FRESH YARN presents:

The Hall of Asian Mammals
By Lucy Baker

I am at an empty Mexican restaurant on Columbus and 84th with my 11-year-old little sister, Ashley. Ashley is not my real little sister. She is black, and lives in the projects on Avenue C. I am white, and I grew up in the suburbs of Boston. Ashley is my little sister from the East Village Girls' Club. As her big sister, on the first Saturday of every month I take her out to lunch and then to a museum.

I am commenting on the restaurant's decor -- there is a paper maché chili pepper lamp hanging from the ceiling, a sombrero on the wall, and a plastic cactus in the corner -- because I don't know what else to say. Ashley is not much of a talker, and I've already asked her about school, books, and her friends. She stares at me vacantly until the waitress saves us with a basket of chips and a bowl of sour cream.

After we finish eating, Ashley and I head south on Central Park West. We are going to the New York Historical Society on 77th. The early December wind is blowing our coats out like sails, and Ashley is trying to light a match from a book she picked up by the restaurant door. She can't get it to spark, so I show her how to fold the top of the book over the back and pinch the match between the two flaps.

"Now pull it out fast," I say.

It works, and as we walk Ashley lights the matches one by one and drops them onto the ground. By the time we get to the Historical Society she has burned through them all. I imagine her going home and telling her mother that today, her big sister taught her how to start fires.

Inside the museum, the only noise is the clattering of shoes on the marble floor. It sounds like a shuffled tap dance. At the information desk we collect our clip-on pins and a few pamphlets. We are here to see the "Slavery in New York" exhibit, but Ashley is more interested in checking out the gift shop.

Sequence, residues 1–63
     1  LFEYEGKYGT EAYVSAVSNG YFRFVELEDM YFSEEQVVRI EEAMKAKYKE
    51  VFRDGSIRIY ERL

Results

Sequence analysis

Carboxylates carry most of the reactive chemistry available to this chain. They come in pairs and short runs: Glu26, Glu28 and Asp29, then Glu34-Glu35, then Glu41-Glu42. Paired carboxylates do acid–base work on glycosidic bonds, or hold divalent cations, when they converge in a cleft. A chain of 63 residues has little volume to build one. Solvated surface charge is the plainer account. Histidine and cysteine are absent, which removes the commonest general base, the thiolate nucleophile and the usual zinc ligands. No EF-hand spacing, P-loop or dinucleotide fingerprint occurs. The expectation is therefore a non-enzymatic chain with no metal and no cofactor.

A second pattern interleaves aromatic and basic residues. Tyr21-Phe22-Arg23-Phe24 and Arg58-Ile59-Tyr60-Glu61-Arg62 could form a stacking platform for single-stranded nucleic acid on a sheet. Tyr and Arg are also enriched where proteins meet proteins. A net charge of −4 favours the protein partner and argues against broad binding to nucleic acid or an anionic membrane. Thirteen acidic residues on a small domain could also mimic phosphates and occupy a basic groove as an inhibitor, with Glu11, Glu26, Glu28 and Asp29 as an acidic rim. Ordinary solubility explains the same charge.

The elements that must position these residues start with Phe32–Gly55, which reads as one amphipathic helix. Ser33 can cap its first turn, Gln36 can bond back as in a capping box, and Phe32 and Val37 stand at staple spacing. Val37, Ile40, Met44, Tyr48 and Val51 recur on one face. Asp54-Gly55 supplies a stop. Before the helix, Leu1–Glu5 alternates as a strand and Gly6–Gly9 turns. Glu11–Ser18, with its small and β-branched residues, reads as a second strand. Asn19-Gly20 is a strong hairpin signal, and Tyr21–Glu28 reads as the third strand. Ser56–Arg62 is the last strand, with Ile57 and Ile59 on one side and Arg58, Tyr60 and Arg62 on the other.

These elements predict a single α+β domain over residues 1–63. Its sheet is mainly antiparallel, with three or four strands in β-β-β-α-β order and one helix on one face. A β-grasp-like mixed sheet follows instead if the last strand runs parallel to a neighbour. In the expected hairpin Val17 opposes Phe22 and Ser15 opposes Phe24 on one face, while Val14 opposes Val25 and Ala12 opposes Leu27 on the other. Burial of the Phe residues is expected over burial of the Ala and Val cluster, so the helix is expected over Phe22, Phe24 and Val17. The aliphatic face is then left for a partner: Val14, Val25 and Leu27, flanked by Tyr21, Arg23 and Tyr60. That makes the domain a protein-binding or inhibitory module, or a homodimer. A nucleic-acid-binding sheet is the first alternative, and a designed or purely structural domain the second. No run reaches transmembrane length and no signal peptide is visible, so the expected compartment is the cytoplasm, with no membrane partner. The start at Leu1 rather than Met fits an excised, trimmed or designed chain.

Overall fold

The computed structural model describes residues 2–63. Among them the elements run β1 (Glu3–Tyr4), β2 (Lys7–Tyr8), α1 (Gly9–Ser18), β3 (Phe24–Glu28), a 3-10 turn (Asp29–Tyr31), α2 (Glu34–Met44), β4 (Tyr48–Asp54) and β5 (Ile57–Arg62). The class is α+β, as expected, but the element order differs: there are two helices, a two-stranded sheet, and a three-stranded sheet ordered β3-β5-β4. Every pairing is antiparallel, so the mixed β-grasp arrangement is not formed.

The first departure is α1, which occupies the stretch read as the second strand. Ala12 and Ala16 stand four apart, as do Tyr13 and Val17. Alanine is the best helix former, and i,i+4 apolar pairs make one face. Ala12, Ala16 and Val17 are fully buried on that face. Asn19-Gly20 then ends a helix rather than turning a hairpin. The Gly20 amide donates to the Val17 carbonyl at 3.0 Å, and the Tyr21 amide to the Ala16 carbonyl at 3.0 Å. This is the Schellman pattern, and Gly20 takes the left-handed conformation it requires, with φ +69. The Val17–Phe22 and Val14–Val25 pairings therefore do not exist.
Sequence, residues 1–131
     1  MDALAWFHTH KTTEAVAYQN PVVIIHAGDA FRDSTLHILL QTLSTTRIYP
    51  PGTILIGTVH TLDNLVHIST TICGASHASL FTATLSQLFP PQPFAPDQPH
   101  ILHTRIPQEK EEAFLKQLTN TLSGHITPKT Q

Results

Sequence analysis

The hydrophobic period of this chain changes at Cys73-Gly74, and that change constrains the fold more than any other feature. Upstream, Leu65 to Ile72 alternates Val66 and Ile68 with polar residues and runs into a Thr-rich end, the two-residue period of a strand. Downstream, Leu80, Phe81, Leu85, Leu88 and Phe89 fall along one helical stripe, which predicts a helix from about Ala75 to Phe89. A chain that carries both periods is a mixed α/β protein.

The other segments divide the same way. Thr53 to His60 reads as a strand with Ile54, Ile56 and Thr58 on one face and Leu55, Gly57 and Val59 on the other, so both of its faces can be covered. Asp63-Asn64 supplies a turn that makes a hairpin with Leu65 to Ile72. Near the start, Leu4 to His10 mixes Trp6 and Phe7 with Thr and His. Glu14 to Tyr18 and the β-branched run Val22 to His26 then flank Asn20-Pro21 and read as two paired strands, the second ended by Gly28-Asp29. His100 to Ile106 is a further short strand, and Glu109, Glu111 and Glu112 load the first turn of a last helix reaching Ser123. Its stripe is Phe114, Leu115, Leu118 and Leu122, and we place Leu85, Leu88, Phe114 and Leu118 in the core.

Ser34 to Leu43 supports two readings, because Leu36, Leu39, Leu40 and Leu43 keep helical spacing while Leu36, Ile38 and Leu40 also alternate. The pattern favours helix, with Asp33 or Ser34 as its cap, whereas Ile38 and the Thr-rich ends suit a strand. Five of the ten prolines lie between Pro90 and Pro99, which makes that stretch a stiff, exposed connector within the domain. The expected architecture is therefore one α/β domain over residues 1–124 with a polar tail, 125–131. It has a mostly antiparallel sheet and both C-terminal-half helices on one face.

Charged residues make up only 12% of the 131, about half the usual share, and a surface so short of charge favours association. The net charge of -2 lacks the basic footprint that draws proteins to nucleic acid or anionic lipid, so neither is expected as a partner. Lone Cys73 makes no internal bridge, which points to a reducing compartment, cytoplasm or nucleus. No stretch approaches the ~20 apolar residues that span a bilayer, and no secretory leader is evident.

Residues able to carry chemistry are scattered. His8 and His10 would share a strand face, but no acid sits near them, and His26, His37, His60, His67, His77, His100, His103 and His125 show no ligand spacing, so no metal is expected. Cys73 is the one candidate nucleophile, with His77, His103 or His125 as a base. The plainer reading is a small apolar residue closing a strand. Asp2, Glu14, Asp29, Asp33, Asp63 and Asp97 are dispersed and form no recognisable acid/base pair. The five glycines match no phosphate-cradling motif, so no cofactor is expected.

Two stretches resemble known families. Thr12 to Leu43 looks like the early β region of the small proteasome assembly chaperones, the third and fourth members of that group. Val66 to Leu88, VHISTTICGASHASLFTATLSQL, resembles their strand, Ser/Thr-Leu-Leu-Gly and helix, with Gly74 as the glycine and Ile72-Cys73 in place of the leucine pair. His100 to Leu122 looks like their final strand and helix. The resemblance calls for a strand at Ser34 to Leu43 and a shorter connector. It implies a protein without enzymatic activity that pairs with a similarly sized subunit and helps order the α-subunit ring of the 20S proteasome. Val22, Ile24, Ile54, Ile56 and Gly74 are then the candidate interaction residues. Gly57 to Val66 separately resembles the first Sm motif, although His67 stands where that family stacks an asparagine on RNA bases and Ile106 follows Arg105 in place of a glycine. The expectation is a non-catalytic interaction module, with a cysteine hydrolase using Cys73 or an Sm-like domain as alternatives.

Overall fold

"Come on," I say, steering her away from a rack of postcards, "This is supposed to be really cool."

The exhibit is crowded and it is difficult to get close to anything on display. Impeccably dressed old ladies slither past us and pop up to block our view. I try to get Ashley to read me some of the plaques. She sighs and sounds them out slowly. She skips all of the difficult words without trying.

After a while I take over and start reading them to her. "Wow," I say, "Almost 12 million people were taken out of Africa and forced into slavery. If you spread it out, that's like 80 people a day for 400 years. Crazy, right?"

"I dunno." She walks away from me.

I follow her to a makeshift well in the center of the room. There are voices coming from inside. We rest our elbows on the rim and peer over the edge. At the bottom, the faces of female slaves flicker up at us from a movie screen. They are talking and laughing as they haul buckets of water. Behind their heads is a cloudless blue sky. I look at Ashley and wonder if she is looking at her reflection.

"This is amazing," I say hopefully.

"Yeah," she replies flatly.

We wander through the rest of the exhibit. At first, I gesture enthusiastically at things -- a peeling photograph of a slave who lived to be 115 years old, a reproduction of the Emancipation Proclamation -- but by the end I have given up. Ashley is fiddling with the zipper on her coat, and she has folded her print-out of the Historical Society's floor plan into a paper airplane.

In the last room, there is a little stall with a velvet curtain, like a photo booth. Ashley goes inside and sits down on the wooden bench. I wait for her, peeking through the space where the curtain does not quite meet the frame. She touches a screen and an automated voice begins to ask her questions.